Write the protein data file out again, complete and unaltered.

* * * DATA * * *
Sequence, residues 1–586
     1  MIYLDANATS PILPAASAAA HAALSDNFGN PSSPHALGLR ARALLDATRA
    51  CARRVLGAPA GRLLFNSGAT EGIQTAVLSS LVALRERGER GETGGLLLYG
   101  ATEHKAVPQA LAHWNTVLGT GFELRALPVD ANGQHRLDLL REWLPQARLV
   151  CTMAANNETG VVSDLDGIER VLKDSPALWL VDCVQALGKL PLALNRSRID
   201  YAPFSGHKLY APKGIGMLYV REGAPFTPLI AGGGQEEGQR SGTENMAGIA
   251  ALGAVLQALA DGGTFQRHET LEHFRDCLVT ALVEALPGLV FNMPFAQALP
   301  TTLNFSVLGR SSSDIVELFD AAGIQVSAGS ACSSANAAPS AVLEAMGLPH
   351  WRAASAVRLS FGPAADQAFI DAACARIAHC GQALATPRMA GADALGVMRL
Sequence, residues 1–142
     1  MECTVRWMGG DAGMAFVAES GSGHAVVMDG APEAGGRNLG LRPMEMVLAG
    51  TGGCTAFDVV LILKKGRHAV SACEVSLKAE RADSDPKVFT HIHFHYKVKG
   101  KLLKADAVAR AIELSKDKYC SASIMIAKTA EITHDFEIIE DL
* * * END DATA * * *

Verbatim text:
Sequence, residues 1–586
     1  MIYLDANATS PILPAASAAA HAALSDNFGN PSSPHALGLR ARALLDATRA
    51  CARRVLGAPA GRLLFNSGAT EGIQTAVLSS LVALRERGER GETGGLLLYG
   101  ATEHKAVPQA LAHWNTVLGT GFELRALPVD ANGQHRLDLL REWLPQARLV
   151  CTMAANNETG VVSDLDGIER VLKDSPALWL VDCVQALGKL PLALNRSRID
   201  YAPFSGHKLY APKGIGMLYV REGAPFTPLI AGGGQEEGQR SGTENMAGIA
   251  ALGAVLQALA DGGTFQRHET LEHFRDCLVT ALVEALPGLV FNMPFAQALP
   301  TTLNFSVLGR SSSDIVELFD AAGIQVSAGS ACSSANAAPS AVLEAMGLPH
   351  WRAASAVRLS FGPAADQAFI DAACARIAHC GQALATPRMA GADALGVMRL
Sequence, residues 1–142
     1  MECTVRWMGG DAGMAFVAES GSGHAVVMDG APEAGGRNLG LRPMEMVLAG
    51  TGGCTAFDVV LILKKGRHAV SACEVSLKAE RADSDPKVFT HIHFHYKVKG
   101  KLLKADAVAR AIELSKDKYC SASIMIAKTA EITHDFEIIE DL